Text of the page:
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FROM THIS EPISODE

Amateur Hour

For KCRW, this is Nick Madigan of the Baltimore Sun with Minding the Media.

Things might be getting back to normal, more or less, at the Santa Barbara News-Press, where six top editors and a columnist walked out last week in a staff revolt that sent shivers through the normally peaceful town.

Acting Publisher Travis Armstrong, whose arrest for drunk driving was only one of the paper's problems, today announced the appointment of four new editors, most promoted from within.

In his press release, Armstrong managed to misspell the new city editor's name, but that's a minor crime compared to what's been going on at the paper recently.

Most of the chaos revolves around Wendy McCaw, who bought the paper from the New York Times in 2000.

The paper's staff rebelled, according to the L.A. Times, after McCaw or her associates killed a story about Armstrong's sentencing for DUI, reprimanded staff members for publishing the planned location of actor Rob Lowe's house, and said no one could talk to outsiders about the paper's internal business.

The final straw came almost two weeks ago, when McCaw appointed Armstrong as acting publisher, with oversight of the newsroom. Bear in mind that Armstrong also headed the editorial page, which means that he was suddenly in charge of both the paper's opinions and its news coverage, a big no-no in the newspaper world. Those two have to be separate, or else how could a reader separate fact from judgment?

Editor Jerry Roberts quit on Thursday and was escorted from the building, the LA Times reported, "as several staff members cried and others hurled epithets" at Armstrong.

Roberts said in an interview with the trade paper Editor and Publisher that the incident should be a warning to others who see private buyers as the saviors of a troubled newspaper industry.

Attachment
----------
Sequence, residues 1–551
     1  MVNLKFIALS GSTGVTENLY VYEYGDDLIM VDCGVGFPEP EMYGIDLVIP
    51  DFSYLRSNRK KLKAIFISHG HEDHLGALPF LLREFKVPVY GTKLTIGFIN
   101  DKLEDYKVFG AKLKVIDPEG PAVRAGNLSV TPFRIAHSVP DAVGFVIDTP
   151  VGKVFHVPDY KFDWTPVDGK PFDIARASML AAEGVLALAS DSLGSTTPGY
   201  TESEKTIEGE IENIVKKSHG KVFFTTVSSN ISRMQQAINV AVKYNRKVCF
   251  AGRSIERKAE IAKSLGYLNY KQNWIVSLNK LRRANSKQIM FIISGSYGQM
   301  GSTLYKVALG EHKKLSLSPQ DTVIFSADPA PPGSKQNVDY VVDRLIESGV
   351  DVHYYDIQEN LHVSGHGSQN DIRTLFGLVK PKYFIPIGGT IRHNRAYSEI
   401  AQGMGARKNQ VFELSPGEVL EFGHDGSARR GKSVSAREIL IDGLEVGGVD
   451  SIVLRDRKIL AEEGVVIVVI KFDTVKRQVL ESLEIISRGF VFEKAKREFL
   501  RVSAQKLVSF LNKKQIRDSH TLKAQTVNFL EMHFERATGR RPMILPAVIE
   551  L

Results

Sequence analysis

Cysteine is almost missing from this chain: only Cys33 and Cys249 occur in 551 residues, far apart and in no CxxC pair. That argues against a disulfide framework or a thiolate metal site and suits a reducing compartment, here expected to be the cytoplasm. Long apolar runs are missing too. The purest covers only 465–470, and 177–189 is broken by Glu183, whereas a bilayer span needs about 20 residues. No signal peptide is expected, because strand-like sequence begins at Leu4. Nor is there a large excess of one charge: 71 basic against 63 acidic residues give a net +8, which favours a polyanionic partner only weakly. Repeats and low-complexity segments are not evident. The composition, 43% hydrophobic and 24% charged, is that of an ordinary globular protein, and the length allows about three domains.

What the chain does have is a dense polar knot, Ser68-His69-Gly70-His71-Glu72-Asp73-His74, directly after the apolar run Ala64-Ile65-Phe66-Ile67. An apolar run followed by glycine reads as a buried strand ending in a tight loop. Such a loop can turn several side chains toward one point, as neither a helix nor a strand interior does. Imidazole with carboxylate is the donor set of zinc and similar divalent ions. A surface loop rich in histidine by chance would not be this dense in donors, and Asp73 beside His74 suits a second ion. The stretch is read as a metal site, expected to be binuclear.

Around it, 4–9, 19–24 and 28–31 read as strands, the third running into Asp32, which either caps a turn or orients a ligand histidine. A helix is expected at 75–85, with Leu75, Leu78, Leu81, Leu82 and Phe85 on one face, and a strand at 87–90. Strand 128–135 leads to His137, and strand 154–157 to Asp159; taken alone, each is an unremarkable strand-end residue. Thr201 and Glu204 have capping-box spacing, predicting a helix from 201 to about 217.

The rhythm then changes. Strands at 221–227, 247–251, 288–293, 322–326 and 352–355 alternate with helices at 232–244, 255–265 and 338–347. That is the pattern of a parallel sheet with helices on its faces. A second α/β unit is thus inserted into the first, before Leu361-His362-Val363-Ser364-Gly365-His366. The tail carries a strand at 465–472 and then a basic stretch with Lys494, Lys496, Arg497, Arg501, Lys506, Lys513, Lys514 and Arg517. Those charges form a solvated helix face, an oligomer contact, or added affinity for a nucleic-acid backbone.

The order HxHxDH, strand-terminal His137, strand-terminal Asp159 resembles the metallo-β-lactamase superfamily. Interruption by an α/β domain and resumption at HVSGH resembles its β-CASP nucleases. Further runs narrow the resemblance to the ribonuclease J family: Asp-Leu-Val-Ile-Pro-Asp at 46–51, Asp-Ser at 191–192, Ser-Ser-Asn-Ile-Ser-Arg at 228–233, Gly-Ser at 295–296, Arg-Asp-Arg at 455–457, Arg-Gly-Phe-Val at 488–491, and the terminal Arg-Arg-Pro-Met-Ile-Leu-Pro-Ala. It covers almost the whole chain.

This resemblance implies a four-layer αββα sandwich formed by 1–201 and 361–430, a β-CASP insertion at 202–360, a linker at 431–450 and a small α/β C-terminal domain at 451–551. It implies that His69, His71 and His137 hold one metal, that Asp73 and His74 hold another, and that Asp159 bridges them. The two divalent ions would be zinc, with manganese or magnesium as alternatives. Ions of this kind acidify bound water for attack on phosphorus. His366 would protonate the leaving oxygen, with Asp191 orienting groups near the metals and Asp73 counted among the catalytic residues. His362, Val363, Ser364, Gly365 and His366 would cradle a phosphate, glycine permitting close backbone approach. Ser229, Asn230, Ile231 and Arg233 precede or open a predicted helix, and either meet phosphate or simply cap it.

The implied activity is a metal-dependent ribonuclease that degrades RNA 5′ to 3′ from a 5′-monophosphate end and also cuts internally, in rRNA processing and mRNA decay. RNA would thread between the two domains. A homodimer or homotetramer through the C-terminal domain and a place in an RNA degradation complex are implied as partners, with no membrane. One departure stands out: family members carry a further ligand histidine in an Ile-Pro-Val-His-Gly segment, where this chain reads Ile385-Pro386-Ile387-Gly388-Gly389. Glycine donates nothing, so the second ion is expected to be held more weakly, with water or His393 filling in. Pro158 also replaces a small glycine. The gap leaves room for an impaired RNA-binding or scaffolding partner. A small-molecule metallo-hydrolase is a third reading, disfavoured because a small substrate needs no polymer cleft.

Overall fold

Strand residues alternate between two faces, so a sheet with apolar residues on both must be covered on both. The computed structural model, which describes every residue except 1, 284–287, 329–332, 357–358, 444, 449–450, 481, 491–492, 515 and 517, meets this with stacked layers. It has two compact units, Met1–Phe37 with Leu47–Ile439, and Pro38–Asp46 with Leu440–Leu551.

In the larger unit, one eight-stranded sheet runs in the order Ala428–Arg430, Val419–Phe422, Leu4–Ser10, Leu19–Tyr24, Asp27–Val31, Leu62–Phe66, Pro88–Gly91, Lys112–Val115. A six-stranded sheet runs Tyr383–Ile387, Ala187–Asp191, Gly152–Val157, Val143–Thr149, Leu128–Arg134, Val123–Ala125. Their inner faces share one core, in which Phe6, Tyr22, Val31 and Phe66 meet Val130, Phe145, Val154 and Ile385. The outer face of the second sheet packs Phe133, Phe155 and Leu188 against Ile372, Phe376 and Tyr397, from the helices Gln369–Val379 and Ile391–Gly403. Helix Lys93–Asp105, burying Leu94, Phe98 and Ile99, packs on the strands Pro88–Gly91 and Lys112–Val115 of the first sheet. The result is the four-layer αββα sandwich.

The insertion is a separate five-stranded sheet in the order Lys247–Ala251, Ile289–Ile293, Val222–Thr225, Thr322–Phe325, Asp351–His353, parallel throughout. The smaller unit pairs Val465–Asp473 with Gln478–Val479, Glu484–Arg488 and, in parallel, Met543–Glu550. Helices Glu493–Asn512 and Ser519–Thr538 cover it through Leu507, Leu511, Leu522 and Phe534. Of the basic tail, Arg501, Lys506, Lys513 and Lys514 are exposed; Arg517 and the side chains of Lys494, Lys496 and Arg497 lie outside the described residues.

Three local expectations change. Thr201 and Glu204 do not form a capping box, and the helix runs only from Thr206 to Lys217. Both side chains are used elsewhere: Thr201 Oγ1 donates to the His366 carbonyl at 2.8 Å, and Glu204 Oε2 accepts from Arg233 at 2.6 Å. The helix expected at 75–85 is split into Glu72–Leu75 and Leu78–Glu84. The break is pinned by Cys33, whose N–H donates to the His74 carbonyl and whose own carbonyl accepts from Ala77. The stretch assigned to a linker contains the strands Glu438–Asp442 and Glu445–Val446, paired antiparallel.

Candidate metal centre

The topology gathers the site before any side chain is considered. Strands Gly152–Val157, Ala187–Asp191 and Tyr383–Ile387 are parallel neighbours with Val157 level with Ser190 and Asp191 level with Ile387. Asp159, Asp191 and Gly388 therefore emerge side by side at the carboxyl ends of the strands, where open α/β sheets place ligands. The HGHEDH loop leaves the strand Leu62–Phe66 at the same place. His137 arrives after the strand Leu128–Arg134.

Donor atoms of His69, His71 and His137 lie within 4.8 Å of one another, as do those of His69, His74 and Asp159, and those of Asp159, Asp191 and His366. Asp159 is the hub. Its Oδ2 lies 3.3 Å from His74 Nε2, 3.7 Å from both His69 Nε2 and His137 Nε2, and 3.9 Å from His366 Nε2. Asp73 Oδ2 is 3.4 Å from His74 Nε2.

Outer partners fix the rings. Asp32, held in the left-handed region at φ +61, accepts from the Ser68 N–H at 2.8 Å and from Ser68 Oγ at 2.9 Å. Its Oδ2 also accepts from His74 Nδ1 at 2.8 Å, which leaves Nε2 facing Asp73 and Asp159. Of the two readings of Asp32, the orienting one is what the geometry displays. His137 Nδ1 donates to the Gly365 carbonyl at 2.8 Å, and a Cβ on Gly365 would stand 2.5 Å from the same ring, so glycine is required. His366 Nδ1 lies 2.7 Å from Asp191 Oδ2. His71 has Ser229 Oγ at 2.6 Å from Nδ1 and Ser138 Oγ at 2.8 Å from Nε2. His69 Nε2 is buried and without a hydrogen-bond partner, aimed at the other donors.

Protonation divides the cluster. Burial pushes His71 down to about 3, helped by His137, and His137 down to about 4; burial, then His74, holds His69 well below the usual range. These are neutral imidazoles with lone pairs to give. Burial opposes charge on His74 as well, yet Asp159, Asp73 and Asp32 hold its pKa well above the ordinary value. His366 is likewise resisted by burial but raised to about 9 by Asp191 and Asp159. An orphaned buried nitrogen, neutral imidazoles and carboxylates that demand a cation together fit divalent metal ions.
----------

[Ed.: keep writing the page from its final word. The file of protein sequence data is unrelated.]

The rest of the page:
"When you have one owner who is very wealthy and used to getting their way," Roberts said, "you have this conflict between the audience of the paper and the audience of one, the owner."

Although McCaw had long used the editorial page to promote her views, Roberts said, she had usually not tried to influence news coverage. When that changed, his position became untenable.

He warned E & P that the recent wave of newspaper purchases by local investors should be looked at carefully in the wake of the crisis at the News-Press. He pointed to recent purchases of the Philadelphia Inquirer, Philadelphia Daily News, and the Times Leader, of Wilkes-Barre, Pennsylvania from corporate entities, as well as speculation that the Tribune Company might sell the LA Times to a local owner.

And yet in a note to News-Press readers on Friday, Armstrong tried to pass off the paper's lack of corporate ties as the reason for the staff uprising. "Our strength is our independence," he wrote, "and that independence doesn't always sit well with everyone."

In Editor & Publisher yesterday, Don Murphy, the News-Press's former deputy managing editor, who was the first to resign, was quoted as saying he had been pleased when McCaw bought the paper. The fact that she was not beholden to stockholders "seemed like a plus," Murphy said. "But she had no experience with newspapers, no knowledge of newspapers, and it was not a traditional [private] ownership, handed down generation to generation." In the same E & P story, columnist Barney Brantingham, who had been at the paper for 46 years before quitting last week, called the McCaw situation "amateur hour."

He said wealthy newspaper owners like McCaw "don't understand the profession of journalism."

The LA Times quoted Santa Barbara Mayor Marty Blum as saying, "When the newspaper was up for sale, we were wishing for a local owner. Now we have one, and all I can say is 'be careful what you wish for.'"

This is Nick Madigan of the Baltimore Sun, Minding the Media on KCRW.

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